Letters: Case-Shiller Home Price Index

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Michele Norris and Melissa Block read emails from listeners about the Case-Shiller home price index.


It's time for your comments. But, first, we do have one correction. Yesterday's story about a public spat among conservatives about raising taxes incorrectly identified Georgia Senator Saxby Chambliss as a former member of President Obama's Bipartisan Deficit Commission. He was not a part of that commission. We apologize for the mistake.


Now to your letters.


NORRIS: That's not a baritone warming up, but a vocal rendition of Miami's housing boom and bust over the past decade.

BLOCK: Planet Money's idea of taking the latest Case-Schiller home price index and turning it into song, or at least a string of musical notes, did not strike a chord with listener Tom Anice(ph) of Grinnell, Iowa. He write this: Seriously, we're fighting three wars, the economy is in the dumps but improving, Iowa caucuses are 280 days away. We've got 300 million people in this country with interesting stories and the best thing you can come up with is a bad soprano singing about Miami home prices? Whew, that was annoying.

NORRIS: But some listeners loved the story. Absolutely genius, says Ellie Anders(ph) of Canyon, Texas. I listen to NPR for my news, but I have to confess that when I hear a story about numbers of whatever latest statistic, my brain blurs. I just do not work that way and I don't think I reach too far to assume that many of your listeners have the same kind of artistic mind as mine.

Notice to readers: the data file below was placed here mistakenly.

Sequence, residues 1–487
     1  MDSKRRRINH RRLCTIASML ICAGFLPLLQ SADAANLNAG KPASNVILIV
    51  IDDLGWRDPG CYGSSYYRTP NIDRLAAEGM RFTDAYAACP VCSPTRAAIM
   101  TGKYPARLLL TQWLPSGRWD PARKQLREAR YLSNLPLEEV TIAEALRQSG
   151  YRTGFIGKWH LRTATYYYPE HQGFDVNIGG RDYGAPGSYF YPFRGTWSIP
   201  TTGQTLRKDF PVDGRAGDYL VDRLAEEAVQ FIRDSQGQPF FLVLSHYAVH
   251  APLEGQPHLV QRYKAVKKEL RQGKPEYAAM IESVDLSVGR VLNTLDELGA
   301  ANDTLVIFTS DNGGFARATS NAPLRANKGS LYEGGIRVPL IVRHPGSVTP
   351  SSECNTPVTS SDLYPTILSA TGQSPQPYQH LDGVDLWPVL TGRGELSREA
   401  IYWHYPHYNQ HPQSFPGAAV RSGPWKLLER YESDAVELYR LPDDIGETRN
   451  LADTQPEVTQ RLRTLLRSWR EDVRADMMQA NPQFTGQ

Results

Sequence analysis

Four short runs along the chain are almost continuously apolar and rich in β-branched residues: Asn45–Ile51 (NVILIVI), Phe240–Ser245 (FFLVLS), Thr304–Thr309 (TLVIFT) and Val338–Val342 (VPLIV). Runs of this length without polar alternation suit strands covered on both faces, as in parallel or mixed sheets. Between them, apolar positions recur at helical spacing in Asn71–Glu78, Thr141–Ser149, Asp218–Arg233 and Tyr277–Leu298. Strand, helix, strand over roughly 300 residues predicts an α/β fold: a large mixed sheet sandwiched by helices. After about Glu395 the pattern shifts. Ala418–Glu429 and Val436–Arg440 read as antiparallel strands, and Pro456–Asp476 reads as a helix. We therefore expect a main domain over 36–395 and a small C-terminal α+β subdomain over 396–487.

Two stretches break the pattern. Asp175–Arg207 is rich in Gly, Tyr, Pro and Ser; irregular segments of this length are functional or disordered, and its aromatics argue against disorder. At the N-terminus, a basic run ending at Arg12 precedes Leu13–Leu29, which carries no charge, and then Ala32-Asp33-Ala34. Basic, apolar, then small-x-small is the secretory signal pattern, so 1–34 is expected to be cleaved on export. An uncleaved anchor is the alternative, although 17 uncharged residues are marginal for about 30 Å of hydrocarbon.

She continues. The representation of the numbers as musical notes finally registered in my brain as a real concept. I was finally able to take the information and make it mean something besides an abstract number.

BLOCK: And Jersey City's Leticia Villalon had this to say. I loved the creative production for this piece. This story would've been just as interesting without the singer but not as memorable. Can you put music now to the projections of the budget, she asked.

NORRIS: Sounds like a good idea. We appreciate your comments and keep those letters coming. You can write to us by visiting NPR.org. Just click on Contact Us at the bottom of the page.

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